• Same game, only now you will praise and treat when the people go by. Extra treats for tall or bearded men, noisy kids and people with canes/crutches/walkers.
  • Play dress up. Bundle up in an oversized dark parka, pop a big hoodie over your head, wear big sunglasses. Dig out some halloween costumes and try wigs, funky hats, balaclavas, masks (if you’re not already wearing one!)

things with wheels

  • Same game, only now praise and treats follow the sight of cars, motorcycles, bicycles, skateboards, scooters, etc.
  • I might wait a few weeks for your pup to get the hang of this before trying buses and trucks so stay inside on garbage day but if something large and noisy does go by unexpectedly, immediately throw a Treat Party (drop 10-15 small treats on the ground around your pup and cheer them on!)

scary sounds

  • Using the same approach as for the different animal sounds, introduce your puppy to noises one at a time: hairdryers, vacuums, coffee bean grinders, microwaves beeping, lawnmowers, blenders, nail guns, electric drills, power saws, thunder and lightening.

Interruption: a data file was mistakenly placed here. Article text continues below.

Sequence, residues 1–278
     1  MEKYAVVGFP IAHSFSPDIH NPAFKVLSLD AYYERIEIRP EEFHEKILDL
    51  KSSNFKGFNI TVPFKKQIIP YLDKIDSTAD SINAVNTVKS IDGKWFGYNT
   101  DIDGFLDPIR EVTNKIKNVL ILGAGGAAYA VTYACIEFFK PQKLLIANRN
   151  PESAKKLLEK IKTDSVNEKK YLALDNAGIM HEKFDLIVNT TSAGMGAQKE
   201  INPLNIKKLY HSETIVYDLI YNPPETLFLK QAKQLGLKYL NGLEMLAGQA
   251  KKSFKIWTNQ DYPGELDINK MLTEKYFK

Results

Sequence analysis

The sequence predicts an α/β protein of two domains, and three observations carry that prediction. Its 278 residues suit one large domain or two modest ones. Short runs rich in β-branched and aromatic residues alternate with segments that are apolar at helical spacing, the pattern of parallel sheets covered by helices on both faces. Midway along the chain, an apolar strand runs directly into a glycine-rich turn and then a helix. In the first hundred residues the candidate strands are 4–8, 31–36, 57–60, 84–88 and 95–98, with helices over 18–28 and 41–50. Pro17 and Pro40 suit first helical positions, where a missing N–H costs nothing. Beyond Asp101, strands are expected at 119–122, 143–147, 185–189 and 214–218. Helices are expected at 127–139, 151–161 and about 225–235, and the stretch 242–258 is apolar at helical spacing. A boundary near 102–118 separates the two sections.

• If he is nervous, try having him much further away so that sound is muffled and start with just 12 seconds of noise to start.
  • For easy access to a variety of these, check out the Puppy Sound Proofing app.

objects and surfaces

Good puppy proofing is wise but creates a fairly barren area for your pup. Introduce some interesting things every day for your pup to explore and walk on if they choose –  do encourage them and reward them for being brave but never push a puppy and always supervise for safety.

  • Leave out a vacuum cleaner/mop/ironing board/rolling suitcase (without using them),
  • If you have an exercise stepper leave it out and encourage your pup to walk on it. This will also help prepare them for stepping on the scale at the vets! Try putting one end on a few books so that you have a very low incline ramp and repeat.
  • Have a Bosu-type balance trainer for your home workouts? encourage your pup to interact and walk over that.
  • For the smaller pups, order an inexpensive cat tunnel. For the larger pups, line dining chairs up to form a tunnel underneath and encourage your pup to walk through.
  • Even something as simple as turning a chair over on its side or leaving a large knapsack on the floor can make the room a different experience.
  • Other tactile experiences can include putting baking sheets and/or oven racks on the floor for your pup to investigate and walk over.
  • Kiddies pools filled with balls are great too if you have one!

new places